Where Have All the Thinkers Gone?

Despite an abundance of ‘talking heads,’ a nation in need of wisdom finds the public intellectual missing from action.

Author: Robert Schmuhl ’70

Schmuhl Summer02 Illustration by Ryoichi Yotsumoto/SIS

Editor's Note: The cover story of our Winter 2019-20 issue examines America’s distrust of experts. That’s a recurring theme in American history, but once upon a time, there was such a thing as a “public intellectual,” a figure who could help distill for a general audience the major political and cultural issues of the day. Robert Schmuhl ’70 wrote this Magazine Classic in 2002 lamenting that talking heads had replaced great minds in the public discourse.

After a decade when “the egghead” was constantly ridiculed for contributing little more than hot air to Cold War America, the historian Richard Hofstadter identified “resentment and suspicion of the life of the mind” as a deeply rooted national trait in his 1963 book Anti-Intellectualism in American Life. This sobering study of cultural querulousness won a Pulitzer Prize, and it remains a literary landmark in pointing out a pervasive characteristic of a predominately pragmatic country.

Native wariness of the vaporously theoretical or unduly abstract made the down-to-earth, cracker-barrel philosophizing of Ben Franklin, Mark Twain or Will Rogers indigenously more acceptable in the New World. Masking rumination with folksy wit and common sense, these “wise fools” prompted people to think — but reinforced suspicions about sophisticated cogitation.

Today, however, a contradictory concern now creates a brow-furrowing conundrum among more and more idea watchers: Who are the contemporary intellectuals best able to help the public at large think through the essential issues and problems of our time?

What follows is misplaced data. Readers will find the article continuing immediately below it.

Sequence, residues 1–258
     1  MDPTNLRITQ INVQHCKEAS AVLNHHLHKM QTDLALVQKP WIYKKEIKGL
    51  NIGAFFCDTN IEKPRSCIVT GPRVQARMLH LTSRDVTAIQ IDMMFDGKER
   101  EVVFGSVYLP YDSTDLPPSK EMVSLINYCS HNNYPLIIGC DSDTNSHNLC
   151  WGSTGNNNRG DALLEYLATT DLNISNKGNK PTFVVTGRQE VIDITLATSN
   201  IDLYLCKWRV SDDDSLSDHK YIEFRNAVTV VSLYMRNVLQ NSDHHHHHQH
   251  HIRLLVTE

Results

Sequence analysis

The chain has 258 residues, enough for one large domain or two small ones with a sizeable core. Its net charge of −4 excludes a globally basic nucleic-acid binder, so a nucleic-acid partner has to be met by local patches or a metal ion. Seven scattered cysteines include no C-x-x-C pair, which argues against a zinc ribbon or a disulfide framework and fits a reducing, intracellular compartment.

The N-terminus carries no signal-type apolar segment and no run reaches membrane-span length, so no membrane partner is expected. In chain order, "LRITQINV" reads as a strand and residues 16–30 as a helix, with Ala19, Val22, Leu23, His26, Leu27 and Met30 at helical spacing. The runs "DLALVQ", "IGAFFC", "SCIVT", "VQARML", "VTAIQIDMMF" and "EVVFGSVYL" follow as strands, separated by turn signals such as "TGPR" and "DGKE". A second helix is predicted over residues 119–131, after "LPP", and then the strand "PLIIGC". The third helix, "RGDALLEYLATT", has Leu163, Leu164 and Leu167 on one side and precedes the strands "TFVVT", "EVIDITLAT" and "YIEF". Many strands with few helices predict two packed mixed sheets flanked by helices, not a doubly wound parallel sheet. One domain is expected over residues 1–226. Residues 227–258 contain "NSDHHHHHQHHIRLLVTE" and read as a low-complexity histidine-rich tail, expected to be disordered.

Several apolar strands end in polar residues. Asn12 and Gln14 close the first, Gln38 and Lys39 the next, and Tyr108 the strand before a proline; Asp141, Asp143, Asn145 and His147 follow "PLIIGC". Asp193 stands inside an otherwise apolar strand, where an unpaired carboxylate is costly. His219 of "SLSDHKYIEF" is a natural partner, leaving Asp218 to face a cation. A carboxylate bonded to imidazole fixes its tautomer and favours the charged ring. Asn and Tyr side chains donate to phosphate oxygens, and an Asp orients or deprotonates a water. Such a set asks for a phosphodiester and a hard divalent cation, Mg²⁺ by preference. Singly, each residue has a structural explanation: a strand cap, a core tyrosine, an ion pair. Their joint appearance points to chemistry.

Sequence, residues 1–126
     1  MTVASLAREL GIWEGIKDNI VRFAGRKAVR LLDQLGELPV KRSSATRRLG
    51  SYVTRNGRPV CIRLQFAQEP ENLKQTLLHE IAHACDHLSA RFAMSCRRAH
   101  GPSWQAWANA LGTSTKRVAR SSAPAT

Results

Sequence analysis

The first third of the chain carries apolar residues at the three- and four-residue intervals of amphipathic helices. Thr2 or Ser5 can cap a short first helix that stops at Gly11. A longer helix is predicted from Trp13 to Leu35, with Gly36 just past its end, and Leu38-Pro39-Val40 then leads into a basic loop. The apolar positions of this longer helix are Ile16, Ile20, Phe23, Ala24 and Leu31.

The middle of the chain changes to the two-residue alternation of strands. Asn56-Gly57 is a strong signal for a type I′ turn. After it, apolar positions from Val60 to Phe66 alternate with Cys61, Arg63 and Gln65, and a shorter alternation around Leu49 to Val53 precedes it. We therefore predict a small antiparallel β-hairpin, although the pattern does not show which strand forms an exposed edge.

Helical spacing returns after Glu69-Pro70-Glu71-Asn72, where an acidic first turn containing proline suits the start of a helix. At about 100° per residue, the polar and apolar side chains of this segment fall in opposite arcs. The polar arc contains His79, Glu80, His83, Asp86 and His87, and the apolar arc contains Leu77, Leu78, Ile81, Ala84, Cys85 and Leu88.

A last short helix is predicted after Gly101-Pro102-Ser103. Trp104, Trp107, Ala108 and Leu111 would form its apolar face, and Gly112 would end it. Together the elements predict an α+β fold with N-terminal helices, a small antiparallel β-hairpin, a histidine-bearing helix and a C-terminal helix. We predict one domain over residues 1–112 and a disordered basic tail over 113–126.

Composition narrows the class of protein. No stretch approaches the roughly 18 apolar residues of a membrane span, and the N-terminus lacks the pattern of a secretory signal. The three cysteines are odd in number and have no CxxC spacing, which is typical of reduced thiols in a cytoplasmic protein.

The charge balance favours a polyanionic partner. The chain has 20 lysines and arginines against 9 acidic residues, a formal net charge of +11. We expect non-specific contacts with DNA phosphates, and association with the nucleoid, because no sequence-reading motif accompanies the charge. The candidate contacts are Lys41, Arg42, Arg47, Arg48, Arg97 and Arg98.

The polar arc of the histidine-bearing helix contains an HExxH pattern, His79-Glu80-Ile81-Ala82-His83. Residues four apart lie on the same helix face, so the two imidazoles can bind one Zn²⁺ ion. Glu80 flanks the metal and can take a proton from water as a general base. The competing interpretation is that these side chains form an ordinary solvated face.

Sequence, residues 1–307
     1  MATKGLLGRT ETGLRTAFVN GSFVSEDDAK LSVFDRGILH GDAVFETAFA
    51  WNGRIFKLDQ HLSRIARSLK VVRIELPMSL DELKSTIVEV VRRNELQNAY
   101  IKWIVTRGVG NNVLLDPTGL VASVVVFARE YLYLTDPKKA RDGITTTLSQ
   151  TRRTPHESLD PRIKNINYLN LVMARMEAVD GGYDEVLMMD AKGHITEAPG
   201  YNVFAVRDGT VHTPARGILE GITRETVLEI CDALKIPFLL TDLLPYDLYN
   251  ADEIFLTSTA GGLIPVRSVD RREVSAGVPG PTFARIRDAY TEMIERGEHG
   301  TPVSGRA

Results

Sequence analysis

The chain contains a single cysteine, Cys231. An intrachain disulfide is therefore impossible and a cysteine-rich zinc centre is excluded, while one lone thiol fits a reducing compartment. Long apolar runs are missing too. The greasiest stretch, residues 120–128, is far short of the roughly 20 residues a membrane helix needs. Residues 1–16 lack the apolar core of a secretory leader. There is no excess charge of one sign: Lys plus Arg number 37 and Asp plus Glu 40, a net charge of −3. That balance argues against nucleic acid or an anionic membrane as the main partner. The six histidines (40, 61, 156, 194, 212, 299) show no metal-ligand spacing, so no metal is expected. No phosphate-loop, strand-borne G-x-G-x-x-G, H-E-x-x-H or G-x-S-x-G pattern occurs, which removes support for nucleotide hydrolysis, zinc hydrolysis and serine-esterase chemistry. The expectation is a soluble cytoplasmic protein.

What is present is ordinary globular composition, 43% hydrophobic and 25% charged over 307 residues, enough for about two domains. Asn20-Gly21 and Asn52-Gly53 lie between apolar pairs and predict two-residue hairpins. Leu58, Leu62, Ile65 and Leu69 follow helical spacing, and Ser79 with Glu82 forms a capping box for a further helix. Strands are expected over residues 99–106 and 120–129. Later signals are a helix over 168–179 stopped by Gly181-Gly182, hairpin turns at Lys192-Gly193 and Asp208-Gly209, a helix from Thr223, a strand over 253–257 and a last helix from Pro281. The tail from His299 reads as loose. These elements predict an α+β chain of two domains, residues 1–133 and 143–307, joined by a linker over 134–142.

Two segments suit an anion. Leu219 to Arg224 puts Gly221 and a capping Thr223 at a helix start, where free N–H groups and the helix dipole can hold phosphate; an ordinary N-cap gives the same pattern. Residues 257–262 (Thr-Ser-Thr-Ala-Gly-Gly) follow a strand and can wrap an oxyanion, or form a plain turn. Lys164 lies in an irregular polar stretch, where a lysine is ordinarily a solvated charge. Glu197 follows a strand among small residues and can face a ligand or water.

The recent publication of Richard A. Posner’s Public Intellectuals: A Study of Decline – and the robust debate it initiated – posed the question anew in high-decibel fashion, drowning out anything resembling a cogent (or even tentatively satisfactory) answer. One newsmagazine report about the book inquired in stark, boldface type: “All Thought Out?”

Perturbed by the punditry intellectuals offer via the media about matters of national consequence, Posner — a federal appellate judge, law school lecturer and prolific writer — attempted a systematic analysis of such work, complete with tables, figures and formulas. As a scholarly study intent on delivering definitive results in a rigorously scientific way, Public Intellectuals is something of a guidebook for what not to do. The book, however, is useful in explaining why the current state of reflective, thought-provoking commentary and criticism for a general audience prompts questions — and criticism of its own.

Echoing Russell Jacoby’s argument in The Last Intellectuals, which appeared in 1987 and lamented “the eclipse of public intellectuals,” Posner places much of the blame on the mania for specialization that’s become de rigueur throughout the modern university in recent decades. (For example, while political science claimed five subdisciplines in 1960, the number mushroomed to 104 by 2000 — with more, inevitably, on the way.)

Narrowing any academic field deepens its work, as the plumbing of abstruse subjects clarifies their meaning with microscopic specificity. But this process can make resulting research and scholarship more insular, more the province of professionals communicating only among peers. Enlightening a wider public can be about the furthest consideration on a specialist’s mind.

Up until the 1950s or so, independent intellectuals — men and women of ideas and letters — wrote essays and books for the intelligent yet common reader, and that work was their life and livelihood. Lewis Mumford, Edmund Wilson, Mary McCarthy, Dwight Macdonald, Hannah Arendt and others fearlessly tackled culture, politics and matters of the mind in accessible prose from a generalist’s (rather than specialist’s) point of view. They took complicated subjects — everything from the threats to civilization posed by modern technology to the Dead Sea Scrolls — and explained them in an idiom the public could comprehend.

The post-World War II growth in American higher education and the emphasis on a prosperous standard of living in the 1950s prompted formerly independent intellectuals (notably such figures as Alfred Kazin, Irving Howe and Daniel Bell) to accept faculty positions at colleges and universities. A teaching job meant steady income, health care and retirement benefits — and, as Bell quipped, “June, July, August and September.”